Who buys the majority of these cards? Women. The Greeting Card Association's data indicates that women account for 80% of greeting card purchases—a figure that has not varied much over time and remains true even now.
The Card Market TodayIn this new era, it is not surprising that greeting card sales have declined. The Internet, Facebook, e-cards and text messaging have indeed made it much quicker and easier to send someone a birthday, holiday or other special-occasion or everyday greeting. And many people, especially Millennials, have embraced it. After all, the younger generation has grown up with this technology and is very plugged into it; it is their lifeline.
However, the scope of the decline is not what some of the doomsayers predicted.
"There has been an assumption in recent years that the explosion of text messaging and social media would seriously diminish the tradition of buying and sending greeting cards," said Susan January, past-president of the Greeting Card Association, when interviewed in a leading trade publication. "What we've found is that it has not had a meaningful impact on actual greeting card usage or card-sending for any occasion, and especially for highly personal, emotional card-sending occasions."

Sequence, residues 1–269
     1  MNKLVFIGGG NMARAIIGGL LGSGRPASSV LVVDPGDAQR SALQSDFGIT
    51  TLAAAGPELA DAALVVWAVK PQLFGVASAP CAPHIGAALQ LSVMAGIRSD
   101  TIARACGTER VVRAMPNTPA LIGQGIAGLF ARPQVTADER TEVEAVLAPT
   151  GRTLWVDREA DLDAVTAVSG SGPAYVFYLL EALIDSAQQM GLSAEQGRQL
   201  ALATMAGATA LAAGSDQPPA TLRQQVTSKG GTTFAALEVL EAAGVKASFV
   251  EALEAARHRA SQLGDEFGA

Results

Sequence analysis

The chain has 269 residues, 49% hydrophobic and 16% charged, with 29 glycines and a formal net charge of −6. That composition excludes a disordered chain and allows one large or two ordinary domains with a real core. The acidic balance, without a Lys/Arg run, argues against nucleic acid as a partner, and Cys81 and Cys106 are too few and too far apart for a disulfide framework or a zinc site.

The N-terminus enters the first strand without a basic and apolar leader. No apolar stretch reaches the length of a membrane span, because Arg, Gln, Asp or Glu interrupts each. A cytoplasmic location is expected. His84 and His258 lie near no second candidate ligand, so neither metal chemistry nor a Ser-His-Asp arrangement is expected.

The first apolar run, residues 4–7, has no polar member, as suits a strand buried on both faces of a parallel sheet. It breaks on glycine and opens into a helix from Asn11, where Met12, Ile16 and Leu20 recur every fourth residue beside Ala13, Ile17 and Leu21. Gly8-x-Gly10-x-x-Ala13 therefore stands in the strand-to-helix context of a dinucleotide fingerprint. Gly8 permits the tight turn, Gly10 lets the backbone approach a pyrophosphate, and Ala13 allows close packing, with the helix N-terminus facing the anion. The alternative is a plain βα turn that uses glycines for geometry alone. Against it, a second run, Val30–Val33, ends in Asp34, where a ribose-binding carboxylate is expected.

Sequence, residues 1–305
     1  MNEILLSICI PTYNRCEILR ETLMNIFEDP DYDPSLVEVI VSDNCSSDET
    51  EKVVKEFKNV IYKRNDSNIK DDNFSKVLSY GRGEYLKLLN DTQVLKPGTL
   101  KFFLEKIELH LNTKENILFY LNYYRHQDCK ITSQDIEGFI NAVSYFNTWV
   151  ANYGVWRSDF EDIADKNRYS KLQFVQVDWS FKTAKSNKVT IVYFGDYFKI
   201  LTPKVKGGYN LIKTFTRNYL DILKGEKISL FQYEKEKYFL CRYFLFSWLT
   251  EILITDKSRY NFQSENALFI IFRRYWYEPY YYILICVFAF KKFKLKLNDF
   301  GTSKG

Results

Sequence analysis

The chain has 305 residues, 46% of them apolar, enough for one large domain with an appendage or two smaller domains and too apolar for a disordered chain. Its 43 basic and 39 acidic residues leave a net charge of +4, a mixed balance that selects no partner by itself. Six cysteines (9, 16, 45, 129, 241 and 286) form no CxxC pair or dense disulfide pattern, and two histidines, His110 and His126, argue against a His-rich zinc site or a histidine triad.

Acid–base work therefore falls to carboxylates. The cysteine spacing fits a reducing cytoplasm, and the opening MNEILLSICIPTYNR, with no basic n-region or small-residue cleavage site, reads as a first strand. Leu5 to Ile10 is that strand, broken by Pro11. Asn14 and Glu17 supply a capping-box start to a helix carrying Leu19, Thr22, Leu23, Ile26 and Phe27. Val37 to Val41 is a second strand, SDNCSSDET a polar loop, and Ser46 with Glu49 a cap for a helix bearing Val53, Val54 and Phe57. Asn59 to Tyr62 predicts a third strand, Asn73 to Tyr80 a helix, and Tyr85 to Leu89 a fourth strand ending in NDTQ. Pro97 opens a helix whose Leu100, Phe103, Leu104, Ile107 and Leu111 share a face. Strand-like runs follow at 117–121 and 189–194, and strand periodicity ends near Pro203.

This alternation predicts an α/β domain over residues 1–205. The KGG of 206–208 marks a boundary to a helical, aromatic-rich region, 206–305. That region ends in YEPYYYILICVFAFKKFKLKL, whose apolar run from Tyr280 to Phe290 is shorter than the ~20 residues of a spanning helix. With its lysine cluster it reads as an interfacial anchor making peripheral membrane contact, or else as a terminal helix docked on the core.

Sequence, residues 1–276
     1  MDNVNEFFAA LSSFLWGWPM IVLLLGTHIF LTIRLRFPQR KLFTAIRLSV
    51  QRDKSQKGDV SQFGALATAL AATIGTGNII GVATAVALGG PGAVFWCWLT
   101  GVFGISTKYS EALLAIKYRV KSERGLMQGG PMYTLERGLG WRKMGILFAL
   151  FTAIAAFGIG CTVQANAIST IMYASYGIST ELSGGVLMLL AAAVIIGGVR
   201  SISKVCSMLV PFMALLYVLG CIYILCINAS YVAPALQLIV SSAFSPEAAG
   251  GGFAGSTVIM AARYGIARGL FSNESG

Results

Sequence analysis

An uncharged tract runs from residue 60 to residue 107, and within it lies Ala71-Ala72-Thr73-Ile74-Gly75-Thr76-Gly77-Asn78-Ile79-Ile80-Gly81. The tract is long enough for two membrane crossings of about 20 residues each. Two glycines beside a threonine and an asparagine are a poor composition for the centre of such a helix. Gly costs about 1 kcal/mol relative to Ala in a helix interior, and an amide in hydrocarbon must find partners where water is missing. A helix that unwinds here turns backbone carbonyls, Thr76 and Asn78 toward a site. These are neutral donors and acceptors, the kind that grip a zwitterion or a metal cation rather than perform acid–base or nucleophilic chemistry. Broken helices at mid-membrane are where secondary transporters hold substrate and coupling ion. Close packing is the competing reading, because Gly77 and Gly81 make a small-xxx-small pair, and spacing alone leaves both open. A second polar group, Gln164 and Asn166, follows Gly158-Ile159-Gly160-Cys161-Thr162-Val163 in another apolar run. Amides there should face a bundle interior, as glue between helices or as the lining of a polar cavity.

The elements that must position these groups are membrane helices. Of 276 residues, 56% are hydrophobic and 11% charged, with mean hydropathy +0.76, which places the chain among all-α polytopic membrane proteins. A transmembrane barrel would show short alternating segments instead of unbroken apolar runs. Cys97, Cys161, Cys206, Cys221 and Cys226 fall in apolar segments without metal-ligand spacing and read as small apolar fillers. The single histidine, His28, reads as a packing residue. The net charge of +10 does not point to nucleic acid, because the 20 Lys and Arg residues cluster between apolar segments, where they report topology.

Baby Boomers still account for a major part of today's card sales. Greeting cards came into their heyday with this generation, when handwriting notes and using the telephone "land line" to connect with friends and family was a common practice. This was the time when card publishers introduced "alternative" card lines, which were specifically targeted to appeal to this vast generation's funny bone. These humorous cards boosted—and still boost—more impulse purchases. This generation is now aging, and their card-buying has lessened somewhat.
As for the succeeding generations, sending a paper greeting card is a highly personal expression of sentiment. Sales are growing among Millennials according to Hallmark Card's chief marketing officer, Lindsey Roy, in an interview with CNBC's "On the Money." She notes that they are looking for something different and more lasting. "Obviously, they're texting and using social media, and so the card for them has a different benefit; it really kind of breaks through the clutter," she said. "(Millennials) love paper and the tactile experiences."